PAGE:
In a Winter ’14 Developer Edition and Spring ’14 Pre-release I have noticed that using the Developer Console uses API calls. It looks like this affects third party tools like MavensMate as well. The limit for a Developer Edition is 5,000 / 24 hours and I’ve used about 125 in a 20 minute period. This is without running unit tests. Running unit tests burns through the API calls even quicker.
Add in another developer, code that uses the API, and frequent unit test execution and the limit can be hit without much effort.
Is there any configuration that I can make to not use as many API calls with the Developer Console? Perhaps, some features that I can disable?
It’s possible that it is related to this Idea about the Tooling API and limits.
You can reduce your API usage by allowing your developer console session to “idle”. Once idle, you’ll only incur one API call per incident (such as saving a class, running a test). While not idle, the current implementation polls the server once every 6 seconds, or 10 API calls per minute while doing absolutely nothing.
Also, using the Force.com IDE will drastically reduce your API calls, because you won’t suffer from the “monitoring” API calls. Believe it, it makes a big difference.
For those interested, I asked this myself on the Salesforce Community:
@Josh Kaplan (Salesforce.com), in addition to the code coverage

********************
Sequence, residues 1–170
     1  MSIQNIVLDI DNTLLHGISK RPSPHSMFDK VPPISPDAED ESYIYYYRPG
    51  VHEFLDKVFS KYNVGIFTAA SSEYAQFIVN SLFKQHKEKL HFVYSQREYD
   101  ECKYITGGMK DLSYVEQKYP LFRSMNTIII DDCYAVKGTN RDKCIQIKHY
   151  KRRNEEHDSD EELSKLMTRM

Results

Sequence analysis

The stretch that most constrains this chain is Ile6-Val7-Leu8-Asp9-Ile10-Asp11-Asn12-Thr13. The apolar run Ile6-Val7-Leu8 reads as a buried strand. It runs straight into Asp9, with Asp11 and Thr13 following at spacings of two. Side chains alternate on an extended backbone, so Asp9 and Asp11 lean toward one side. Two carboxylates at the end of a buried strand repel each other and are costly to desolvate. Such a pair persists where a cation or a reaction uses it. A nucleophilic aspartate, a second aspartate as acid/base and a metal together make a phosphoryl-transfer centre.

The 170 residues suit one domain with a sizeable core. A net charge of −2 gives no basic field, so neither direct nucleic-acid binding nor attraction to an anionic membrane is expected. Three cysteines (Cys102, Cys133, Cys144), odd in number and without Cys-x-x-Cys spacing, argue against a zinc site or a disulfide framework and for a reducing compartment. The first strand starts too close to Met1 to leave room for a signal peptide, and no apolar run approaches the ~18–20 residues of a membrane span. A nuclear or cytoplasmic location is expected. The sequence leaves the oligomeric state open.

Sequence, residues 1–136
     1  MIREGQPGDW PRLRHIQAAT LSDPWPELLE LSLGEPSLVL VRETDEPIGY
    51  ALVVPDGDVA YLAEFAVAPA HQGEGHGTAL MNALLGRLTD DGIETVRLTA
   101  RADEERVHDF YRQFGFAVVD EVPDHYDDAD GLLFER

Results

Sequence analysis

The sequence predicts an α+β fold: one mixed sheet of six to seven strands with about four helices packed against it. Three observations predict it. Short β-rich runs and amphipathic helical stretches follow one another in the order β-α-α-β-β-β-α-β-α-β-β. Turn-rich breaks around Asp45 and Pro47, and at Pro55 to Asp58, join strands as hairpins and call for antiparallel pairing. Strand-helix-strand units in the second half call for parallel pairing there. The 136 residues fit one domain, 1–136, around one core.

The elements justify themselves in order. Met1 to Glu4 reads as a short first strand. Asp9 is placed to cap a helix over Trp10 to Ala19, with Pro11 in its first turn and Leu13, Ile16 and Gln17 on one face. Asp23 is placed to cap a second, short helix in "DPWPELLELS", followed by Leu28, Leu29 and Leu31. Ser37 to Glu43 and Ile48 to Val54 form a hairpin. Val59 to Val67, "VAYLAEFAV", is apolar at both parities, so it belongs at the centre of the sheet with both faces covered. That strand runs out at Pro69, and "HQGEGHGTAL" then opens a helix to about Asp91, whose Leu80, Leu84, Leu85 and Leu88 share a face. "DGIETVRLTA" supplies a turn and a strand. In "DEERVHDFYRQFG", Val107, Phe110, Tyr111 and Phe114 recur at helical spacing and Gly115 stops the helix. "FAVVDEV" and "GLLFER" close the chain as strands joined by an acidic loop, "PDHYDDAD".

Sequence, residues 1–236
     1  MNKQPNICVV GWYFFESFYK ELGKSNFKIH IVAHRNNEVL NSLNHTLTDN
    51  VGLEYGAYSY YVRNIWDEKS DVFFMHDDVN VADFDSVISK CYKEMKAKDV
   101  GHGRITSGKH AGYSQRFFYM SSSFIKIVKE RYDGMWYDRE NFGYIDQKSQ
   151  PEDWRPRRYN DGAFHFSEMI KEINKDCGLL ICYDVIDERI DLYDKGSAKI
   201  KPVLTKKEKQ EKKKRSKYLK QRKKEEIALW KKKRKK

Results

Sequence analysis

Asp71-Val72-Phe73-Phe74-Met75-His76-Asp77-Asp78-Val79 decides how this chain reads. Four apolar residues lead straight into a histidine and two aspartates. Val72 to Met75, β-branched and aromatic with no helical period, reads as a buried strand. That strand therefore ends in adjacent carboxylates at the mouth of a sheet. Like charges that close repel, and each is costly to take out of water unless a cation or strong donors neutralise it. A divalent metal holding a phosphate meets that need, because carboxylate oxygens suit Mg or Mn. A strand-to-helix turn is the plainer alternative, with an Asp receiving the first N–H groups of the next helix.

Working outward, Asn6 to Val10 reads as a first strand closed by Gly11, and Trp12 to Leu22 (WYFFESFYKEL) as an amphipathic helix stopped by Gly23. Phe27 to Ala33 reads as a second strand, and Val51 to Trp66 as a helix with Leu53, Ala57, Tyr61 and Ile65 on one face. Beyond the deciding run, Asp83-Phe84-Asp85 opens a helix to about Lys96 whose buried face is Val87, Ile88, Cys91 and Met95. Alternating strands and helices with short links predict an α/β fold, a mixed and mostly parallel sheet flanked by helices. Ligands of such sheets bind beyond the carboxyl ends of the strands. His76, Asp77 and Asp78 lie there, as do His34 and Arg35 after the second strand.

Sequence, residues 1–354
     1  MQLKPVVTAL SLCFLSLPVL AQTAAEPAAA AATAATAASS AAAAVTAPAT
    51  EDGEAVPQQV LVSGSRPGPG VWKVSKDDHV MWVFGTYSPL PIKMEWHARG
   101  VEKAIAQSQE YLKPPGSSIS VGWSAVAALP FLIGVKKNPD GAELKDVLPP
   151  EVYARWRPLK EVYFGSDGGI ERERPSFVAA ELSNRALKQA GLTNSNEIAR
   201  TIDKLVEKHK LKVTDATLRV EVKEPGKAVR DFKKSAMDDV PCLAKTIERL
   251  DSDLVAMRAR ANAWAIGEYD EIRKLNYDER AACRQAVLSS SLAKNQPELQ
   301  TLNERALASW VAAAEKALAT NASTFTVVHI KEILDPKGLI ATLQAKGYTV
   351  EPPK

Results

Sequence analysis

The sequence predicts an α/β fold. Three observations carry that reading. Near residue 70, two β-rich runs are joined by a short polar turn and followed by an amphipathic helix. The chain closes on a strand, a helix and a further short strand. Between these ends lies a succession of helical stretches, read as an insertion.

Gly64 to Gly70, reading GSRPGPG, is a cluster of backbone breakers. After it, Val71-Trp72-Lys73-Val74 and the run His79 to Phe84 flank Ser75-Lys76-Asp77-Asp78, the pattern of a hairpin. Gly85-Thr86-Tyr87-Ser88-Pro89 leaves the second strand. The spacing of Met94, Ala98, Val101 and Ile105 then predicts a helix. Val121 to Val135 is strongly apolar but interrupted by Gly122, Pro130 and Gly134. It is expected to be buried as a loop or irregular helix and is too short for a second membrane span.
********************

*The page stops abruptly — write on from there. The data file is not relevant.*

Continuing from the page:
glitches in the API, your comment
retiring the setup pages in exchange for the Developer Console is
worrisome. Today, using the console consumes one API call per six
seconds per developer. Given that a normal developer org has 5,000
calls per day, this means that two developers working in the same
organization (the maximum a normal developer edition supports) can
only work for 4 hours a day actively in that organization before
exhausting their daily usage limits. If we are required to use the
console, we will be limited to working just a few hours a day inside
the platform. Is there any plan to have the console no longer use API
Josh Kaplan (SFDC PM) had this to say:
Starting with the coming release the number of API calls will
dramatically decline. Results will be streamed, so polling will not
consume so many API calls.
Presumably this applies to Spring ’14.